Format

Send to

Choose Destination
Phytochemistry. 2004 Apr;65(7):783-92.

Nitric oxide and nitric oxide synthase activity in plants.

Author information

1
Departamento de Bioquímica, Biología Celular y Molecular de Plantas, Estación Experimental del Zaidín, CSIC, E-18080 Granada, Spain. luisalfonso.delrio@eez.csic.es

Abstract

Research on NO in plants has gained considerable attention in recent years mainly due to its function in plant growth and development and as a key signalling molecule in different intracellular processes in plants. The NO emission from plants is known since the 1970s, and now there is abundant information on the multiple effects of exogenously applied NO on different physiological and biochemical processes of plants. The physiological function of NO in plants mainly involves the induction of different processes, including the expression of defence-related genes against pathogens and apoptosis/programmed cell death (PCD), maturation and senescence, stomatal closure, seed germination, root development and the induction of ethylene emission. NO can be produced in plants by non-enzymatic and enzymatic systems. The NO-producing enzymes identified in plants are nitrate reductase, and several nitric oxide synthase-like activities, including one localized in peroxisomes which has been biochemically characterized. Recently, two genes of plant proteins with NOS activity have been isolated and characterized for the first time, and both proteins do not have sequence similarities to any mammalian NOS isoform. However, different evidence available indicate that there are other potential enzymatic sources of NO in plants, including xanthine oxidoreductase, peroxidase, cytochrome P450, and some hemeproteins. In plants, the enzymatic production of the signal molecule NO, either constitutive or induced by different biotic/abiotic stresses, may be a much more common event than was initially thought.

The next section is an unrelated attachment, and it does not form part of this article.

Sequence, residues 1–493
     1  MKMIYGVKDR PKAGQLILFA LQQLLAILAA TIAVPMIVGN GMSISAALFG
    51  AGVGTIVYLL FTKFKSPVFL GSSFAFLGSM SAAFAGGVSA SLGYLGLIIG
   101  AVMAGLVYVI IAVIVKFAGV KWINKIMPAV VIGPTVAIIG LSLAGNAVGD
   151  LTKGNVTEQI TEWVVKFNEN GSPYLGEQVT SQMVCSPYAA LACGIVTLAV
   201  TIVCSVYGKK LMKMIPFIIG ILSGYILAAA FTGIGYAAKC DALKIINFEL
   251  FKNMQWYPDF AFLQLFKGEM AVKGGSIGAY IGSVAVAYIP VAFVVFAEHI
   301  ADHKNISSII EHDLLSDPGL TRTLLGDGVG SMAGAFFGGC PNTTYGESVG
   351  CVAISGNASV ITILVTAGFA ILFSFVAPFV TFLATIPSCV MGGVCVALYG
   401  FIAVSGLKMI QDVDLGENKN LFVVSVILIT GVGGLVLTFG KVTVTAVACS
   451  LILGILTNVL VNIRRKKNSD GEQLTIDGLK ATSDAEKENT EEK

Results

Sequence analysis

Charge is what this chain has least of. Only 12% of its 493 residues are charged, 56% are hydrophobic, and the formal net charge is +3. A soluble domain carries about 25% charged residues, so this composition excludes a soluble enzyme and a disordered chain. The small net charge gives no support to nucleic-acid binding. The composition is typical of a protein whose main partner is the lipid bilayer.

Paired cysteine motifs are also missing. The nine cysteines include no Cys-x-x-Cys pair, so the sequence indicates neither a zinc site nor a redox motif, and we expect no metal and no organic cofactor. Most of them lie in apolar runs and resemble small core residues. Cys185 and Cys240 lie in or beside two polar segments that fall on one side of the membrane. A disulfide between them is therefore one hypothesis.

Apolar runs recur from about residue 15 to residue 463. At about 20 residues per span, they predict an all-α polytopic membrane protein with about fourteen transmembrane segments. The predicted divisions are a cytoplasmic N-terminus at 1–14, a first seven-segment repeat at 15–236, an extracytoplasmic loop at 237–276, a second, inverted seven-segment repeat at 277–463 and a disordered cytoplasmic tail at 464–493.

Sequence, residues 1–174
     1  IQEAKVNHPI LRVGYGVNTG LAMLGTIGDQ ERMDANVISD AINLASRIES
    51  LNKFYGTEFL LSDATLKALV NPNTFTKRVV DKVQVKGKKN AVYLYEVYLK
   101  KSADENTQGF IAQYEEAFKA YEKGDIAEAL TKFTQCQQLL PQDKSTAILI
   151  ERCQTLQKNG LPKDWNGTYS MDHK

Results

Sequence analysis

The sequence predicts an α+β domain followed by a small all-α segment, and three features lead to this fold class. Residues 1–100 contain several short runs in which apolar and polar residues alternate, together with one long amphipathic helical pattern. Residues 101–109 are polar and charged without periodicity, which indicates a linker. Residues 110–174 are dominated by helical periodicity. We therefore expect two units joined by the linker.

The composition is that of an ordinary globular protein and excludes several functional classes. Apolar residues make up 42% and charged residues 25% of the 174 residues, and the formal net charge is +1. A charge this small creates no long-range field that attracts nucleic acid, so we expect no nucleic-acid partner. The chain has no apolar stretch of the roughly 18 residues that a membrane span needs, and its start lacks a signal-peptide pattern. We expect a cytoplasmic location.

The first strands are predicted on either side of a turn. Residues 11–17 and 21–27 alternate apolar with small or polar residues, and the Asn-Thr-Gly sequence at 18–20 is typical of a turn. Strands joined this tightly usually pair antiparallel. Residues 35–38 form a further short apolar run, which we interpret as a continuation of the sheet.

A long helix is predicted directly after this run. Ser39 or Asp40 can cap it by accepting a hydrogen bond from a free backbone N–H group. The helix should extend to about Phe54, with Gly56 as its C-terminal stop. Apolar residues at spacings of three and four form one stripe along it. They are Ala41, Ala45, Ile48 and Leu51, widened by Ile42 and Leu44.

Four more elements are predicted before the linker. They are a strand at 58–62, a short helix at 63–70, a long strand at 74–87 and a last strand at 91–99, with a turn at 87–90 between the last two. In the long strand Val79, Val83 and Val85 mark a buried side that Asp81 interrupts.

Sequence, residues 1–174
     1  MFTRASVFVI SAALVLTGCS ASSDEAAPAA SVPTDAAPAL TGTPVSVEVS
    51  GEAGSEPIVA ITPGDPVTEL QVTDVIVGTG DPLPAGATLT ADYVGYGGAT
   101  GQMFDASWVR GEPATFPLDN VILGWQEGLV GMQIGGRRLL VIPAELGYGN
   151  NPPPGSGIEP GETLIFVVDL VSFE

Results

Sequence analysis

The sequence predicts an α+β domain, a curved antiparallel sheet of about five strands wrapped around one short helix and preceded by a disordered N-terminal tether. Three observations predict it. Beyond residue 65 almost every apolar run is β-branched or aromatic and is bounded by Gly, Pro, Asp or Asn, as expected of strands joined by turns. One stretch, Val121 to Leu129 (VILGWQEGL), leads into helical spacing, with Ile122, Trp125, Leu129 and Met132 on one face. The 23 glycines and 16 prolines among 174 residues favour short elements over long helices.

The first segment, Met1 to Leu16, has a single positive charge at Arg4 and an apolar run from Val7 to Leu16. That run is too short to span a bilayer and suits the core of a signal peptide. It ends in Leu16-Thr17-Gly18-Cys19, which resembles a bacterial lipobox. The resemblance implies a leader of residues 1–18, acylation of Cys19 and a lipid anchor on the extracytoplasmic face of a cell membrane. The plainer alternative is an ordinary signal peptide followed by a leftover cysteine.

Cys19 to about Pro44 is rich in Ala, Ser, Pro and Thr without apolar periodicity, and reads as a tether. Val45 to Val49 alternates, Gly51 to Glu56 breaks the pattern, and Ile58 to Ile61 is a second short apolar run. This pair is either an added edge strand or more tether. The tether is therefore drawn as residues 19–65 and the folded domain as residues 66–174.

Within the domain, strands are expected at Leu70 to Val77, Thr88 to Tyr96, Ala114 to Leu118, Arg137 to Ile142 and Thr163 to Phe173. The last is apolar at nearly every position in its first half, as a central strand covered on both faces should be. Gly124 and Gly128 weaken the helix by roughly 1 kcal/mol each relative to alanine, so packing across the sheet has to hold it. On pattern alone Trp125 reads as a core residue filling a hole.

PMID:
15081277
DOI:
10.1016/j.phytochem.2004.02.001
[Indexed for MEDLINE]

Supplemental Content

Full text links

Icon for Elsevier Science
Loading ...
Support Center